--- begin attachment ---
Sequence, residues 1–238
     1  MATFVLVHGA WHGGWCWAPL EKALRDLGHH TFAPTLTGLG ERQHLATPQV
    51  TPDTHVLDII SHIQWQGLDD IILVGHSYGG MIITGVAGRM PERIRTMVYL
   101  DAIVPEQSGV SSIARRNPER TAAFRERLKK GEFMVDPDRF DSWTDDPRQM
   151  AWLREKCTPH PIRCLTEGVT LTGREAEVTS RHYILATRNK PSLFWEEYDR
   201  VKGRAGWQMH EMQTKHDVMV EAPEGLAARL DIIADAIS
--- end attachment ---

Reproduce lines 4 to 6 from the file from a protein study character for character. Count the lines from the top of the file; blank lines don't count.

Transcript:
   101  DAIVPEQSGV SSIARRNPER TAAFRERLKK GEFMVDPDRF DSWTDDPRQM
   151  AWLREKCTPH PIRCLTEGVT LTGREAEVTS RHYILATRNK PSLFWEEYDR
   201  VKGRAGWQMH EMQTKHDVMV EAPEGLAARL DIIADAIS